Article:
It was another 100 years before a young Scot named Lauchlan Rose patented a way to preserve lime juice without alcohol. That was 1867, the same year the Government got wise to the whole citrus business and mandated that all Navy ships give daily rations of lime juice to everyone on board. Rose’s “Lime Juice Cordial” became ubiquitous almost immediately, surviving over 140 years to present day. It pairs with gin to make a gimlet, and you can generally find a crusty old bottle of it behind most bars… But not mine. Rose’s is now owned by DrPepper Snapple Group Inc., and as such is made like a soft drink with the following ingredients: water, high fructose corn syrup, lime juice concentrate, sodium metabisulfite (preservative), natural flavors, and Blue #1. It is, with it’s lurid chemical florescence, precisely the type of saccharine bullshit that the cocktail resurgence defines itself against.

This puts us cocktail people in a uncomfortable dilemma, a kind of paradox of snobbery: you must use a lime cordial (not lime juice) to make a proper gimlet, but you also must use fresh ingredients. So what do you do? Enter: homemade cordial (I added grapefruits for a specific drink I was making; obviously this is not necessary). And what do you know, not only is it cheap and easy, it’s unbelievably good.

Grapefruit Lime Cordial

Step 1: Aquire a bunch of grapefruits and limes, an equal amount of each. I did 8 each, which ended up making roughly 45 ounces of cordial. Which is a lot if you’re using it 0.75oz at a time.

Step 2: Wash that shit. With a vegetable brush. Even organic citrus usually has food-grade wax on it to preserve freshness, and the peel is especially important here.

Step 3: Peel grapefruits and limes with a vegetable peeler, removing all the skin but as little as the pith as possible. Pile the skins into a large-ish bowl. This peeling business is difficult with the limes because of their thin skin, so this first time I ended up zesting them. I’ve since made a ginger/lime cordial where I said to hell with it and just peeled them, and it worked fine. This is good, because I absolutely despise zesting limes, and exponentially so in large amounts.

Step 4: Measure out 3oz of ultra-fine sugar per grapefruit, and dump it into the bowl. I used 8 grapefruits, so I covered them in 24oz (by volume) of sugar. Using a muddler, or potato crusher, or really any hard flat object, muddle (press firmly) the peels into the sugar, over and over. Your goal is to bruise most of the surface area of the peels, then surround them with the sugar. Cover and let sit on the countertop between 1-3 hours, stirring once or twice (if you want).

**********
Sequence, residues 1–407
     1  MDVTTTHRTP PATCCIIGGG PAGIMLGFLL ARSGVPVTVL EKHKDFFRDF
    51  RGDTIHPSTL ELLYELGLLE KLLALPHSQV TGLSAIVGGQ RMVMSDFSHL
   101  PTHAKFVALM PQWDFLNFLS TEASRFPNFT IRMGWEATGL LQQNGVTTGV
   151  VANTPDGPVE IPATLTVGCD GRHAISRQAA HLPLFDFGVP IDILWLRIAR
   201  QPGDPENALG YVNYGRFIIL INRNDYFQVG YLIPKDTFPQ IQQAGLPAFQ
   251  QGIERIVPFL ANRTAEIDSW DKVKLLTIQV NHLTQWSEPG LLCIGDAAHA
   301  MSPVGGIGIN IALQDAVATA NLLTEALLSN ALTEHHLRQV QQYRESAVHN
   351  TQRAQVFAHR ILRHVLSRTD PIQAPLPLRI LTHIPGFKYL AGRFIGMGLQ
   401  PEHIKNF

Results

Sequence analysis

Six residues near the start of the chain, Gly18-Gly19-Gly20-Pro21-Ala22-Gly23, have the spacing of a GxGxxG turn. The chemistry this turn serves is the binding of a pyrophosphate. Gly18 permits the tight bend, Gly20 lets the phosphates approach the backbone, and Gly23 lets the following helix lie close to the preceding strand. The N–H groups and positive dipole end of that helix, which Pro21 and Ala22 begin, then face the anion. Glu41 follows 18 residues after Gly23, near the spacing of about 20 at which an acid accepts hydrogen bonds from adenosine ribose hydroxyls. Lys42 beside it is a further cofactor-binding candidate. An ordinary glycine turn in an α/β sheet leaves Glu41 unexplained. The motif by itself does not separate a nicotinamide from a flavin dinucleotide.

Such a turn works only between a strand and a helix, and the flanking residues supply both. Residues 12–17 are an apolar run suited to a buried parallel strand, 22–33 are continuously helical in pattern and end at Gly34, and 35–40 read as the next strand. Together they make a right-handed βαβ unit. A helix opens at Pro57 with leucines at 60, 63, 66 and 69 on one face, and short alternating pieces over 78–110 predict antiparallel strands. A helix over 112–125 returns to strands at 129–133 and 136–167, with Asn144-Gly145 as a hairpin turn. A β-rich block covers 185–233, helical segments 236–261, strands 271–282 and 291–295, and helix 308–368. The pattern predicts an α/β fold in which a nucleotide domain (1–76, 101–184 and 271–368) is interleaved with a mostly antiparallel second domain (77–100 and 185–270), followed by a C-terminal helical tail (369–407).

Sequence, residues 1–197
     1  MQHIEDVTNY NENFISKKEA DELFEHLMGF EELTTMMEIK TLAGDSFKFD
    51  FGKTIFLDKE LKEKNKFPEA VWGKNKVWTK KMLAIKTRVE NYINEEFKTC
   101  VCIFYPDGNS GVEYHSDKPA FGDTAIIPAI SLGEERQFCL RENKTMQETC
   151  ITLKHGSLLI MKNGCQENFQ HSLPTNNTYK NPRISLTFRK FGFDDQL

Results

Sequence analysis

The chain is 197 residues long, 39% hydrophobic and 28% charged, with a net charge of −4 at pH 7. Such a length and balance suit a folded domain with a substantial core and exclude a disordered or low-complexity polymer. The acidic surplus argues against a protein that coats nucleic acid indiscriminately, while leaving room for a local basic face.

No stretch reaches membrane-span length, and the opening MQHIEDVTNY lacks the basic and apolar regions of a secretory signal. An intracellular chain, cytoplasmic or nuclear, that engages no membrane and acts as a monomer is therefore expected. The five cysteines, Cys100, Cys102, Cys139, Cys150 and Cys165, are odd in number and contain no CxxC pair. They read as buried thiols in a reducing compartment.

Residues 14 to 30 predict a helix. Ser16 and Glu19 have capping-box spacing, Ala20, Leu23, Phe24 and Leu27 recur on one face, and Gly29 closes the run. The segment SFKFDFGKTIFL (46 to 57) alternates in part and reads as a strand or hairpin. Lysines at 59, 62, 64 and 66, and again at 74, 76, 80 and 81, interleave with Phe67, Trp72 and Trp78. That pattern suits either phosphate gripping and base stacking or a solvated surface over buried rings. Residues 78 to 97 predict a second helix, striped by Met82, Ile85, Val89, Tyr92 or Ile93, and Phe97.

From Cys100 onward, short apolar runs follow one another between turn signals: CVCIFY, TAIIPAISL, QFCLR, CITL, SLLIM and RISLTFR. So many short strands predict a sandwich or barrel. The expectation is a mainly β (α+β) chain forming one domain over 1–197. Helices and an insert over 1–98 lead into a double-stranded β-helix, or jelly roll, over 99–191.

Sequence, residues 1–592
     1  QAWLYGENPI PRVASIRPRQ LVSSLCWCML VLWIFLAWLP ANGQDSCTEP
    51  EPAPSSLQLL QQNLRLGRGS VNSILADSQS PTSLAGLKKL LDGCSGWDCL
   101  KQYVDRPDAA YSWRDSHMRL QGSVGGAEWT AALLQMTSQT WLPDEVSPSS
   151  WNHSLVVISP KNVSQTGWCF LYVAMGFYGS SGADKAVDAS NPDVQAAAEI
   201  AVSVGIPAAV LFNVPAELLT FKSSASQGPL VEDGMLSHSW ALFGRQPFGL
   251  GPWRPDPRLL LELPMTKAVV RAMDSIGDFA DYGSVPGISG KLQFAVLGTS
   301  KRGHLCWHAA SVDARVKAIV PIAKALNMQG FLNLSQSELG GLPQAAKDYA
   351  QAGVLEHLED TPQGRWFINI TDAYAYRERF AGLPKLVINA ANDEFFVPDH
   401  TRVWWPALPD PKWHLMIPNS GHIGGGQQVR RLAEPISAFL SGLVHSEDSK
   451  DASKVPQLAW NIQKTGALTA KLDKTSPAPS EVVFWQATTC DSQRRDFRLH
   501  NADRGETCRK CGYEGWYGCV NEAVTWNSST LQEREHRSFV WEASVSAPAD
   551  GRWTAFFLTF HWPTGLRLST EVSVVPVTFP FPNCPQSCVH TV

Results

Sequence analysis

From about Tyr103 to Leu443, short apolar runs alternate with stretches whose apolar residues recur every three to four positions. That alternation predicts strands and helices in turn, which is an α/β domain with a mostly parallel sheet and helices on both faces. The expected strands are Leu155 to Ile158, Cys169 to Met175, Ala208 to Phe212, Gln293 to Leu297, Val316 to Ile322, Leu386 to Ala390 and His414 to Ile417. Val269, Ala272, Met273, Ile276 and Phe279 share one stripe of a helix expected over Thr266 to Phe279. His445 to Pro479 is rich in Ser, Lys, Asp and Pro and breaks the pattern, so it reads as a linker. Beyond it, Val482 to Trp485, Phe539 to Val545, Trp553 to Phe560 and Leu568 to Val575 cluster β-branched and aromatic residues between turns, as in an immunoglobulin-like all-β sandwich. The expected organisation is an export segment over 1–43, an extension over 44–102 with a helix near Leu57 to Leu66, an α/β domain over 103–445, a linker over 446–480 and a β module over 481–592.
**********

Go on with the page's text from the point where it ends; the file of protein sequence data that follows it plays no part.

One of the charming characteristics of sugar is that it is oleophilic, which means that it likes to bond with oil. So for that hour, the sugar is drawing the naturally occurring citrus oils out of the bruised peels. When you come back, you find some thick, brightly citrus flavored syrup. If you were to stop now, it would be called oleo saccharum (literally “oily sugar”) a totally delicious sweetener used in punches and the like. But we’re not stopping now. Oh no. Strap in, friends, and put your juicing pants on.

Step 5: Juice the now-naked grapefruits and limes, and add that juice to the oleo saccharum. Because the size of the fruits will govern both how much peel and how much juice they give, this ratio pretty much works itself out.

Step 6: Add the mixture to a heat. Just a little, well before boil, just enough so gentle stirring dissolves the sugar. As soon as the sugar has been completely dissolved, remove.

Step 7: Strain out all the solids. The sugar makes it thick, so this is easiest done when it’s still warm. My method is to use a pasta strainer to get the big peels, then a tea strainer for the smaller pulpy business, but you do whatever you want. This is America, after all.

The pulp won’t ruin anything, but it’s better without. Step 8: Bottle, and refrigerate. Once it cools down, it’s ready to go.

Step 9:  Enjoy.

It’s sweet and tart, with an unbelievable brightness from the citrus oil. The sugar more or less neutralizes the bitterness from the grapefruit, giving it a candied feel. Add carbonated water for an amazing soda, or mix with pretty much whatever you like.

BONUS COCKTAIL: I made this for the GQ Bombay Sapphire “Most Imaginative Bartender” competition. I would’ve ordinarily stopped at the basic drink, but that “imaginative” part demanded more. Thus the weirdness. It didn’t win or anything but I was still very pleased with it, and it’s been enjoying orders for 2nds and even 3rds at the bar.

Sailor’s Gimlet
2oz Gin
0.75oz grapefruit lime cordial
0.5oz fresh lime juice

You could stop now, but what makes it way better is:

Rinse the glass with Batavia Arrack if possible; if not, an agricole rum or cachaca. If not, a funky rum. If you have nothing, or nothing but Bacardi, go buy better rum.

You could definitely stop now, but what makes it (whoooaaa!) “imaginitive” is:

Also rinse glass with Green Chartreuse; but first, rim cocktail glass with cinnamon, a pinch of sugar, and shaved macadamia nuts.

It works equally well with rum or tequila. Tweak the recipe or your expectations and you don’t need the lime juice. I find the acidity is nice for balance, but do what you like. And if you find something cool, tell me about it. Cheers.